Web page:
The problem is that Slice is being treated like a curiosity more than a developing athlete. Shaw spent much of the last few days answering questions about whether he’d pair Slice with Tyson and Eric “Butterbean” Esch, a 400-pounder whose shtick was being billed as “The King of the Four-Rounders,” rather than about whether he’d pair him with a competent and trained MMA fighter.

Tyson has never trained in MMA, hasn’t boxed since June 22, 2005, and hasn’t won a fight in more than five years. He looks like he weighs close to 300 pounds and only recently got out of a drug and alcohol rehabilitation center.

Asking a promoter if he’d want his fighter to face Tyson is like asking a 20-something male if he’d like to date Scarlett Johansson.

Well, duh!

A fight with Tyson would mean huge money, but it would be more carnival act than serious competition.

And Elite XC needs to steer Slice away from the carnival act side of the business and convince a skeptical public that he’s a real fighter.

His highly regarded trainer, former UFC heavyweight champion Bas Rutten, believes that he is. Rutten said he hopes Thompson can push Slice in the May 31 bout so he can gauge where he is.

But Rutten said he believes Slice could be ready for top 10-type fighters as soon as perhaps two or three more bouts.

“We’re building a fighter here, and we’re building a fighter who is going to be very formidable before not too long,” Rutten said. “He’s worked extremely hard. He was a hard puncher when I first saw him, but he’s improved his striking greatly. His footwork, his reach and his torque are all greatly improved.

“He’s working on his submissions. That’s the area he’s most green, but he’s learning. People said I was just a striker, but more than half of my wins were by submission. It can be learned. He’s already very good with his takedown defenses and his escapes and reversals are surprisingly good.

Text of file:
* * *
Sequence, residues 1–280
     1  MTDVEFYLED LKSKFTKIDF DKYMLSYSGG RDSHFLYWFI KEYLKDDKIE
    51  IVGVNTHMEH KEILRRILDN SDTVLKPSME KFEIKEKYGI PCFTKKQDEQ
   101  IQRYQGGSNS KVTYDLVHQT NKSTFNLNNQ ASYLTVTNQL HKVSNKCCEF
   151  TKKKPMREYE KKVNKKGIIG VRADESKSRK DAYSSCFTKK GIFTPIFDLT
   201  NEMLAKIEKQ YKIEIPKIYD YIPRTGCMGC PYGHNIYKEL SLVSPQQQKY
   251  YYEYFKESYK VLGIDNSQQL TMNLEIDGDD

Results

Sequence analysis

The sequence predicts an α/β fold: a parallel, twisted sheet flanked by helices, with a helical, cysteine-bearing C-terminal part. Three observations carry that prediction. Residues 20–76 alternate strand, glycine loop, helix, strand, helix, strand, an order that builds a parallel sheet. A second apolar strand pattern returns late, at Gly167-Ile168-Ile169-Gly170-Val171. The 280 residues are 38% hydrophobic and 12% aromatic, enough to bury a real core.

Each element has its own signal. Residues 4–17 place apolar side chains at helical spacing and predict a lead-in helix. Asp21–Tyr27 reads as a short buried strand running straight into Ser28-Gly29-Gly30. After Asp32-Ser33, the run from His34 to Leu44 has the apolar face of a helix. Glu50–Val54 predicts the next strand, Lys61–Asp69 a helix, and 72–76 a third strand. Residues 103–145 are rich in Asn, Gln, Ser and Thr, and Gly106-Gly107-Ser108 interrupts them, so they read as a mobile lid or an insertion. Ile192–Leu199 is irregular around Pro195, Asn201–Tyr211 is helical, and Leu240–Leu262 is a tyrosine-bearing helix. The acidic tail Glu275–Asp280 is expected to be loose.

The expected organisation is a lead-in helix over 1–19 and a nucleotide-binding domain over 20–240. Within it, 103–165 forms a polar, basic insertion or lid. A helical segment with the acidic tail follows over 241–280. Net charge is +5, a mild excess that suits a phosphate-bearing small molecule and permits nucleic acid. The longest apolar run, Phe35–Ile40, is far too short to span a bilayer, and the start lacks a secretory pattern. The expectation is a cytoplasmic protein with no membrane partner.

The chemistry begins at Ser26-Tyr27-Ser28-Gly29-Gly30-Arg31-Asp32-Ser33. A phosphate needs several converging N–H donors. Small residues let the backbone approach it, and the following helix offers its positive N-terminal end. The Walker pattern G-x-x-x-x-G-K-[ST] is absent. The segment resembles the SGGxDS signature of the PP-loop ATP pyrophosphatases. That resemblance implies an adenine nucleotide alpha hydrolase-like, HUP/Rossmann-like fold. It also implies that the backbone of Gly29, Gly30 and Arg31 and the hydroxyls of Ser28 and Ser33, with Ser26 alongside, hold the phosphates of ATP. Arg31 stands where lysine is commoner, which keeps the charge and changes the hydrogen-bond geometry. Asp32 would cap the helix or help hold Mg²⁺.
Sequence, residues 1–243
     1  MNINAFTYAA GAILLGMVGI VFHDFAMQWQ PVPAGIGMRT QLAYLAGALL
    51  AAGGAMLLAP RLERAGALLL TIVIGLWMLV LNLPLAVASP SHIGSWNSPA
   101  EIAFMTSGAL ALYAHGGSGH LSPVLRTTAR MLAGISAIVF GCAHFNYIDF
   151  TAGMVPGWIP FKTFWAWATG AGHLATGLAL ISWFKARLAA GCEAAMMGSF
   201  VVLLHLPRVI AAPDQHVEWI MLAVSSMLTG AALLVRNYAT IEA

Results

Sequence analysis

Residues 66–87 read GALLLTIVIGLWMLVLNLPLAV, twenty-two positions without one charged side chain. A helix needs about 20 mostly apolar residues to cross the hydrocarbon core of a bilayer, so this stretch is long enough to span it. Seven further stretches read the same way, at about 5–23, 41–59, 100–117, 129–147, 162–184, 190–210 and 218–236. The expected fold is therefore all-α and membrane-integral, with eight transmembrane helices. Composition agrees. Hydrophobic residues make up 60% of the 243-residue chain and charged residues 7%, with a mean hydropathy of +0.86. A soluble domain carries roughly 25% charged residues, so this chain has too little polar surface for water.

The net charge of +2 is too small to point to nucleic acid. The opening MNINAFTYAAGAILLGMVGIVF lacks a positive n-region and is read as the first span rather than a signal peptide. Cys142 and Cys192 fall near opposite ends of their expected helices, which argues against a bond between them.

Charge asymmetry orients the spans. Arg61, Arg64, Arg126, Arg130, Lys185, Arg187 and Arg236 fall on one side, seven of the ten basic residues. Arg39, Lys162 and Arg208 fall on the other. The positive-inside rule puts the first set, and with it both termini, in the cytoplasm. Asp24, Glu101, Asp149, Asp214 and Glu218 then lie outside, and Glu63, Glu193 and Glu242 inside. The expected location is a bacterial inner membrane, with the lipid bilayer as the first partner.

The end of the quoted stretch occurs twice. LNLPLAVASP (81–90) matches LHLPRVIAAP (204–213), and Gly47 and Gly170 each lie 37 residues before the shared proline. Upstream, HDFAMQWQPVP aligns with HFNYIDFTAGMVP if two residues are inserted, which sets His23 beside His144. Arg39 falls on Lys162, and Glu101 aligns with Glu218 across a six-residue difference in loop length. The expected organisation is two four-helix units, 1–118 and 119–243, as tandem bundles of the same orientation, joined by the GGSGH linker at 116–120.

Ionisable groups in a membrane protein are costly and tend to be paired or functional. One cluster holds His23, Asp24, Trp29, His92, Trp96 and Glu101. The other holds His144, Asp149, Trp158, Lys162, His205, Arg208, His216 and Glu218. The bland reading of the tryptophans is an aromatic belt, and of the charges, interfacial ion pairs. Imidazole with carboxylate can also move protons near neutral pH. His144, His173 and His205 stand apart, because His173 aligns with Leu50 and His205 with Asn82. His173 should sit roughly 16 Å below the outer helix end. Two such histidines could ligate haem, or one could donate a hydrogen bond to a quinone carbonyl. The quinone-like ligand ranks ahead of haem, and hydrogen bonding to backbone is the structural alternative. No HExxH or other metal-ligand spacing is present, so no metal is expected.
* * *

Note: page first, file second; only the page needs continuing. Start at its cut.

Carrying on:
There are critics, to be sure. UFC president Dana White bemoaned the fact that Slice will headline on CBS during a conference call on Thursday. White said he wanted to make certain that when MMA first appeared on network television, it was with fighters who upheld the sport’s image and traditions.

He said his worst fears are being imagined as Elite XC parades Slice out front and center.

“To have CBS, a big network like that, move forward with a guy like Kimbo Slice headlining it, there’s no secret that’s what I tried to stay away from,” White said. “Kimbo Slice isn’t a mixed martial artist. This guy was fighting in your backyard three months ago and now h

“To have CBS, a big network like that, move forward with a guy like Kimbo Slice headlining it, there’s no secret that’s what I tried to stay away from,” White said. “Kimbo Slice isn’t a mixed martial artist. This guy was fighting in your backyard three months ago and now he’s going to be headlining on CBS. Personally, I think it sucks.”

Slice eschews the notion he doesn’t belong in the national spotlight. He’s been cast in some corners as a hoodlum, but shrugs off the portrayals as inaccurate.

He is, he insists, serious about becoming a complete MMA fighter and not just a guy who can capitalize on a gangster image.

“I don’t live a thug life,” Slice told the Ventura County Star. “We go to church on Sundays … spend family time together. I don’t portray a thug image.”

And he shouldn’t be portrayed as a sideshow fighter, which is how fights with men such as Tyson and Butterbean, would cast him.

He’ll have a short shelf life if that’s how he’s matched. The hard-core fans will always be captivated, but the general public who, as Rutten says, have no idea who Fedor Emelianenko is, will soon move to other things.

But if Rutten is correct and Slice can become one of the world’s elite heavyweights, he’ll not only save Elite XC, but he also can play a pivotal role in legitimizing MMA to the masses.

Matchmaking for Slice is critical.

“We don’t want him to be treated like a circus act, because he’s not,” Rutten said. “He’s a legitimate fighter who is working extremely hard – I mean as hard as anyone I’ve ever seen – and who is getting better so quickly. Kimbo is a nice, respectful person to everyone he meets and he’s taking the sport super seriously. He deserves that same kind of respect in return.”

 He’s there, fighting James Thompson, because of the 2,065,443 views the nine-minute video, “The Best of Kimbo Slice,” got on YouTube.

Holy cow! I wouldn't have imagined more than 2 million hits.